and keeping friends. So we pulled from the research to see how other teens are initiating
conversations. We are breaking down those skills and sharing them with the families.
And with the ecologically valid skills, we target dos and donrquote t, meaning what
should we not be doing, as well as what we should be doing instead. Okay?
Now, after the lesson its really important to also have our families practice. And so
we will have the teens, children and a young adults so first will model the skill. So we
do this through role play demonstration. So the group leader, and we also have behavioral
coaches who are oftentimes graduate students college students. They will actually model
the behavior that we are hoping to teach. Now, they also demonstrate the inappropriate
behavior. And there has been oftentimes been a discussion of not modeling the inappropriate
behavior, because we donrquote t want to be encouraging our teens and young adults
to be doing inappropriate behavior, you’ re right.
So the way that we do this is, we start off by showing an inappropriate role play, and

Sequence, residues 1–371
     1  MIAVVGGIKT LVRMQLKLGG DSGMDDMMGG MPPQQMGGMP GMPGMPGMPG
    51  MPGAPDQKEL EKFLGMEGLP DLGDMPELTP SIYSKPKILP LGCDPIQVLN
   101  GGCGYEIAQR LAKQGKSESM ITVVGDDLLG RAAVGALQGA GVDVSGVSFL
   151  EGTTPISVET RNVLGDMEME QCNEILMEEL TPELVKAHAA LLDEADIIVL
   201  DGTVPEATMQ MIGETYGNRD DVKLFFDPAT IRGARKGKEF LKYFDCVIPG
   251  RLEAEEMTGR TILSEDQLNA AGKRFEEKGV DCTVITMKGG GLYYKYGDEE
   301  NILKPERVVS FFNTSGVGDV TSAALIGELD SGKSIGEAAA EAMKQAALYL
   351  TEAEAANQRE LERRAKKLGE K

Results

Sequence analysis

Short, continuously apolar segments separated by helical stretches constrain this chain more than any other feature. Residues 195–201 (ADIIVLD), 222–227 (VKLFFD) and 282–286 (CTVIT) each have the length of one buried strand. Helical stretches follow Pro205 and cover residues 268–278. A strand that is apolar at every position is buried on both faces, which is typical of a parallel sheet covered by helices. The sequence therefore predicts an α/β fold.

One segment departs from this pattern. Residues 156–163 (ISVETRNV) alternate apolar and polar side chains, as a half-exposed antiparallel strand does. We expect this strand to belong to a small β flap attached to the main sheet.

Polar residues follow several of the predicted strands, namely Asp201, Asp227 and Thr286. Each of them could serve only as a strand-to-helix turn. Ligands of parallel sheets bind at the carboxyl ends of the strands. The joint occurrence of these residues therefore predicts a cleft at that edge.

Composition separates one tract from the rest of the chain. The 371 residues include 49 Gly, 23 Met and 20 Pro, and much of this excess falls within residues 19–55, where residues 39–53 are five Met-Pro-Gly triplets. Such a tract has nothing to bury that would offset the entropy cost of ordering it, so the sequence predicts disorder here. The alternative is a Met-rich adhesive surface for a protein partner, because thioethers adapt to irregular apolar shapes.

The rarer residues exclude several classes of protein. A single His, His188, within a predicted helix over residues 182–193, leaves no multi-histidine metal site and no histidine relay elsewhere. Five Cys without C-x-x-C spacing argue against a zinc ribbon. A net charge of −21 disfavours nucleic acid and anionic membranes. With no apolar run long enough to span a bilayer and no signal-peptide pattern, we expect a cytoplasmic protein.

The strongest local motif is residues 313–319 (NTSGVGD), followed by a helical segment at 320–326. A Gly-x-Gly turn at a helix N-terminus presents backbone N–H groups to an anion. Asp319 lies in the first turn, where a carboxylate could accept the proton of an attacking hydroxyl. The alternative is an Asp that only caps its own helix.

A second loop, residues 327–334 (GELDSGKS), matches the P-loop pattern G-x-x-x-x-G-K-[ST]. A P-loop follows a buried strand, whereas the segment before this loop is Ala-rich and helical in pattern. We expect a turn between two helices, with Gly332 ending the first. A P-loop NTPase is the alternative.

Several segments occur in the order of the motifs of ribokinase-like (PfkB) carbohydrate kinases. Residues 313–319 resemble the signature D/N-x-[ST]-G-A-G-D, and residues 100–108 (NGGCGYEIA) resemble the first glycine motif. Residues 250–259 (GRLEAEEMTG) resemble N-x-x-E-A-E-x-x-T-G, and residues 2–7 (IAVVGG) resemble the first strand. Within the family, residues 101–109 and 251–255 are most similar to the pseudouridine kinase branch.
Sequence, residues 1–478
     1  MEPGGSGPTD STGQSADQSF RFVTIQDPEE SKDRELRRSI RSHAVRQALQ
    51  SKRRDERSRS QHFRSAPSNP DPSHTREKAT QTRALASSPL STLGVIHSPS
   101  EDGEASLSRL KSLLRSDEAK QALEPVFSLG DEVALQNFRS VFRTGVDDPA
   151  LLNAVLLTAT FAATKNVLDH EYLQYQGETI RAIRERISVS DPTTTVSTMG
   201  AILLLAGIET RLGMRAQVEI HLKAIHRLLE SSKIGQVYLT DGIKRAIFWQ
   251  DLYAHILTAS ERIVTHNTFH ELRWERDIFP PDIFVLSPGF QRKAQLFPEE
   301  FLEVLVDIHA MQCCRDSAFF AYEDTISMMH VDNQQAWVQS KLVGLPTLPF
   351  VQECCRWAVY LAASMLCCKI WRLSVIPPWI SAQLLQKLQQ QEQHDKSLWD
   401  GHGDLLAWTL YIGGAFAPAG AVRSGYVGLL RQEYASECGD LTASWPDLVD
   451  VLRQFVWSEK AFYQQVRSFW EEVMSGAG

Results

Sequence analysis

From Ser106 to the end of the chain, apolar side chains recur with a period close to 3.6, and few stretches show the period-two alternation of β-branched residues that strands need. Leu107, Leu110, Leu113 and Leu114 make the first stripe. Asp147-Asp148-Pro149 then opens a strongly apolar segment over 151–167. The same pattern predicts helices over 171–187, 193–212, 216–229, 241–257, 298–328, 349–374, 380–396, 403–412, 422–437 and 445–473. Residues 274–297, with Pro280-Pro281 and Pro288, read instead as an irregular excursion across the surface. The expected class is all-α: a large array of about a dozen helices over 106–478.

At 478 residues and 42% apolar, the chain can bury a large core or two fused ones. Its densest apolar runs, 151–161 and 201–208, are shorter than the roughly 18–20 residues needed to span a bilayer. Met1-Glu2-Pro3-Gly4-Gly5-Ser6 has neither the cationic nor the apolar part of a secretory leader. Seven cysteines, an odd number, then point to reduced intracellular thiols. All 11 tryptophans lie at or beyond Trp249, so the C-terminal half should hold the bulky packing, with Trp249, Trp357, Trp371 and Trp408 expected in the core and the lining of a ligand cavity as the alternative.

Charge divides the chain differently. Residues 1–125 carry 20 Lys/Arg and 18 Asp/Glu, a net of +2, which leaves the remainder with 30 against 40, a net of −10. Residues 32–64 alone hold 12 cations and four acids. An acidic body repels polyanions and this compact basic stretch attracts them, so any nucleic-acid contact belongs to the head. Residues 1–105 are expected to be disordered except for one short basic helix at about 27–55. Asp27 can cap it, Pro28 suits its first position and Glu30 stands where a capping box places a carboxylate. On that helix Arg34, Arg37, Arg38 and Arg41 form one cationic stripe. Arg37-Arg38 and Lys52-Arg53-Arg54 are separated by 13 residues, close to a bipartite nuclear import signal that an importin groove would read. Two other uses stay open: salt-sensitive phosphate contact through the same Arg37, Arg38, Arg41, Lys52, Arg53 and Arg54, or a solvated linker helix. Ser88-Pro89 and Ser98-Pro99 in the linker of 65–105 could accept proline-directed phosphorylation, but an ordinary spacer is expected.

we use that as a teaching opportunity. So we never tell our teens, if you want to join
a conversation, this is how you do it. We will have our coaches, for example, role play
what not to do. So that’s the inappropriate role play. And then we will have our teens-young
adults then generate what they should be doing instead based on those errors.
So that’s really using a Socratic method, and I’ll talk and show you guys how we do
that through our groups. So you want to do an inappropriate role play,
and also utilize an appropriate role play. And after that, we have our teens a
nd young adults practice the skills. And as they are practicing with each other, we are
providing them performance feedback in the moment. So we are giving them little tips,
feedback on how they might want to use the skills in the future. Okay?
And we also provide homework assignments each week, meaning we provide several assignments